11/06/2019 | by

From small towns to big cities, communities and neighborhoods are often defined in part by their real estate. Whether it is the skyscrapers in our urban communities, street retail or stores in the mall, or research facilities in innovation districts, the physical structures and activities that take place within them are an essential source of community and economic activity.

REITs play a major role in shaping communities across the country through the real estate they own and operate. Public REITs own more than 520,000 properties, and combined all REITs have $3 trillion in real estate assets. These assets collectively support 2.3 million jobs.

Some REIT-owned properties are tourist destinations, historic landmarks, or iconic buildings. REITs do more than just own and operate these assets, they also invest the necessary capital to maintain, revitalize, and reimagine them so that they continue to best serve the needs of the community today and into the future.

You can read about several examples of that redevelopment in this issue’s “Improving with Age.” The four case studies in the article offer a firsthand look at how some REITs have addressed four very different and distinctive capital improvement projects to maintain the relevance and appeal of their properties.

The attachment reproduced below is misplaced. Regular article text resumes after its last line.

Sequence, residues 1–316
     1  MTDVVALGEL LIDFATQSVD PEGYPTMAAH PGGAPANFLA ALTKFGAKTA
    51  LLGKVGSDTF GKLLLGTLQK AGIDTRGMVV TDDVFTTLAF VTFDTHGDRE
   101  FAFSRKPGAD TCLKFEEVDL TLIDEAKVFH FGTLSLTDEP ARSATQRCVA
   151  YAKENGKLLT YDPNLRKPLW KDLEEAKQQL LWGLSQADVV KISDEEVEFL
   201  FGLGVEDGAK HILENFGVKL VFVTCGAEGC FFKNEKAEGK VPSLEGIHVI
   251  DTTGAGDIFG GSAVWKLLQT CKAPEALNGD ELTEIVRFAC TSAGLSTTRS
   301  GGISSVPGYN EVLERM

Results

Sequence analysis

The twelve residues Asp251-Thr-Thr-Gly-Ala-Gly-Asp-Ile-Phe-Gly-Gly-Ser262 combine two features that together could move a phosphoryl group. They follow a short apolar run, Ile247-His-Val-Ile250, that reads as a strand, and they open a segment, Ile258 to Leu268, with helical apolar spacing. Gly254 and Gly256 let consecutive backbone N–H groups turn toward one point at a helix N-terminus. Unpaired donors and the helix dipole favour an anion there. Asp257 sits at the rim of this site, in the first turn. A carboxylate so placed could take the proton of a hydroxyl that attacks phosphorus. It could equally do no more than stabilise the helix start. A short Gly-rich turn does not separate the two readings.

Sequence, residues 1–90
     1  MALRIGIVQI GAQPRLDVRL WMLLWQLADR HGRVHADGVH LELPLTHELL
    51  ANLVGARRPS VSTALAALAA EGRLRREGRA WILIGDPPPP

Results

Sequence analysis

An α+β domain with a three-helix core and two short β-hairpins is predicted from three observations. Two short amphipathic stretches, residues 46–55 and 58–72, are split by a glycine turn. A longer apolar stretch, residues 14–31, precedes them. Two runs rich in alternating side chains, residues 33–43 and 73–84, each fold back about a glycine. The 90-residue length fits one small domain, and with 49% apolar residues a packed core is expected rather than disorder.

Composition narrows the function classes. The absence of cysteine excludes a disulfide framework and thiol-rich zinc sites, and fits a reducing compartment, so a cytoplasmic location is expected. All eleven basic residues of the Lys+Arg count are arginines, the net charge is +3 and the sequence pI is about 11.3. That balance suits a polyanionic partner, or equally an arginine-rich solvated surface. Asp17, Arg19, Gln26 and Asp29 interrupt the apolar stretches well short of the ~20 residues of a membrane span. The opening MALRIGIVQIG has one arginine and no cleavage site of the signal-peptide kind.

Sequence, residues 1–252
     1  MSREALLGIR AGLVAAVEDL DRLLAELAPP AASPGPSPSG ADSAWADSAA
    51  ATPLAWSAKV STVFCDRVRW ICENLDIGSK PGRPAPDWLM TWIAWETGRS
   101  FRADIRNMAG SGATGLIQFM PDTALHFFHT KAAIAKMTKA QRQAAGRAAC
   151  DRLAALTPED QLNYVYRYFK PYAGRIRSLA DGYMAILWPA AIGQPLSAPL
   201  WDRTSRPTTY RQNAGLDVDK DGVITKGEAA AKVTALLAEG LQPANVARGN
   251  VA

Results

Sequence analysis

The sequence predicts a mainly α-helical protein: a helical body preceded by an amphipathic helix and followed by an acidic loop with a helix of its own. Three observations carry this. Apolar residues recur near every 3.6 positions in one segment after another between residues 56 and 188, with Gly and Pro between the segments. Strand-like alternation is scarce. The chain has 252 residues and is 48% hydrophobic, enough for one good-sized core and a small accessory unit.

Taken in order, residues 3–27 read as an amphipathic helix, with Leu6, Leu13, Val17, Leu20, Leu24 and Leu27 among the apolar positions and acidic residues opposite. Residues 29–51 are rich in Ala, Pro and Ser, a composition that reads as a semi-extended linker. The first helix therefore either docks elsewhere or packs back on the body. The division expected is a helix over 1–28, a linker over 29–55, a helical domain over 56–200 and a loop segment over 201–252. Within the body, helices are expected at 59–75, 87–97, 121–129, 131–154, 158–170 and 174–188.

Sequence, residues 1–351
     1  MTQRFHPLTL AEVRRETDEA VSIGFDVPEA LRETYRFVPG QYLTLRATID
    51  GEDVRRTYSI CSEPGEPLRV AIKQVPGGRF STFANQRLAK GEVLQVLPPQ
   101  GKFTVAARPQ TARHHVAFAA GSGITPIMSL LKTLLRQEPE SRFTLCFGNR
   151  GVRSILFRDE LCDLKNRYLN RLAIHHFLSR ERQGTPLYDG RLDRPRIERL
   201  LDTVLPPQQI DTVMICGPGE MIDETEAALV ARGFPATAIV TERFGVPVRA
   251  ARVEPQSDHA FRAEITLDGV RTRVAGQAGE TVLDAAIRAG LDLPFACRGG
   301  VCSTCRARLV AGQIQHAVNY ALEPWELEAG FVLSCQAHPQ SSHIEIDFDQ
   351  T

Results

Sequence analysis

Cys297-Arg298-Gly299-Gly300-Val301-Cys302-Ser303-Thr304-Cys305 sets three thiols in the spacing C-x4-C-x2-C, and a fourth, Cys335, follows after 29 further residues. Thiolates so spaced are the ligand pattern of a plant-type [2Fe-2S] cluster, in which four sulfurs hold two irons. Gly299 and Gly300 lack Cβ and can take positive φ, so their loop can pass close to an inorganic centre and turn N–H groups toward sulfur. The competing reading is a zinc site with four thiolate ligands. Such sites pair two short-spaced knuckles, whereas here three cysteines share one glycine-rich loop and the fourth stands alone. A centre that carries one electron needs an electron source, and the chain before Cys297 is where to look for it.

Often, the impact REITs have on a community goes well beyond the confines and impact of the physical structures themselves. REITs often interact and engage with their local communities in a socially responsible manner. This includes sponsoring community events, participating in local charities, and stepping in when disaster strikes. In last issue’s DNA of ESG column, we learned about the work Duke Realty Corp. (NYSE: DRE) and AvalonBay Communities, Inc.(NYSE: AVB) do in conjunction with the American Red Cross as members of its Disaster Responder program.

Matthew Bechard, Editor in Chief

In this issue’s Shaping Communities feature, we look at Prologis, Inc.’s (NYSE: PLD) Community Workforce Initiative (CWI). Prologis collaborates with local workforce programs (currently in three markets in the U.S.) to provide mentorship, skills training, internships, and job placement services for residents interested in careers in logistics, distribution, and transportation.

For Prologis, the program is not only a way to help the community by putting people to work, but it also helps solve its tenants’ number one challenge—a shortage of qualified labor. Prologis is now looking for ways to expand its CWI beyond Miami, Chicago, and Los Angeles into other markets it operates in across the globe.

These are just some of the many examples of how the impact REITs have on communities goes beyond the physical assets they own to a much broader social and economic impact on the area and people who live and work there.

Search categories